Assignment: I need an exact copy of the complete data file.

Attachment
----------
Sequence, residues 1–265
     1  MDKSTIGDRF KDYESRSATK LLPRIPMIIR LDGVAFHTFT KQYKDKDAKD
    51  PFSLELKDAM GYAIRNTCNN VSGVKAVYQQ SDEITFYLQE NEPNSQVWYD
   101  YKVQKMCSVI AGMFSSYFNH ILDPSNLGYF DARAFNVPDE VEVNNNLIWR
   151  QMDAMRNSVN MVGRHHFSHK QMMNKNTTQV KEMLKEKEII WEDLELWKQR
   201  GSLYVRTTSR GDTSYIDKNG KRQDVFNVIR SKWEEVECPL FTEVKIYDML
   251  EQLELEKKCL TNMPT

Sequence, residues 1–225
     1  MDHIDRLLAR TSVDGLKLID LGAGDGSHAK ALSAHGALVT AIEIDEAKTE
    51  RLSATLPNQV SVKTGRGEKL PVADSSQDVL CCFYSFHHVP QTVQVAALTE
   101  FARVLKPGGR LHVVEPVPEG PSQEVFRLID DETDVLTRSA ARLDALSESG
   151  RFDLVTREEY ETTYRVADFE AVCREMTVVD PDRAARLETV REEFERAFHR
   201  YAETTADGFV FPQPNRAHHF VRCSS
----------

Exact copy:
Sequence, residues 1–265
     1  MDKSTIGDRF KDYESRSATK LLPRIPMIIR LDGVAFHTFT KQYKDKDAKD
    51  PFSLELKDAM GYAIRNTCNN VSGVKAVYQQ SDEITFYLQE NEPNSQVWYD
   101  YKVQKMCSVI AGMFSSYFNH ILDPSNLGYF DARAFNVPDE VEVNNNLIWR
   151  QMDAMRNSVN MVGRHHFSHK QMMNKNTTQV KEMLKEKEII WEDLELWKQR
   201  GSLYVRTTSR GDTSYIDKNG KRQDVFNVIR SKWEEVECPL FTEVKIYDML
   251  EQLELEKKCL TNMPT

Sequence, residues 1–225
     1  MDHIDRLLAR TSVDGLKLID LGAGDGSHAK ALSAHGALVT AIEIDEAKTE
    51  RLSATLPNQV SVKTGRGEKL PVADSSQDVL CCFYSFHHVP QTVQVAALTE
   101  FARVLKPGGR LHVVEPVPEG PSQEVFRLID DETDVLTRSA ARLDALSESG
   151  RFDLVTREEY ETTYRVADFE AVCREMTVVD PDRAARLETV REEFERAFHR
   201  YAETTADGFV FPQPNRAHHF VRCSS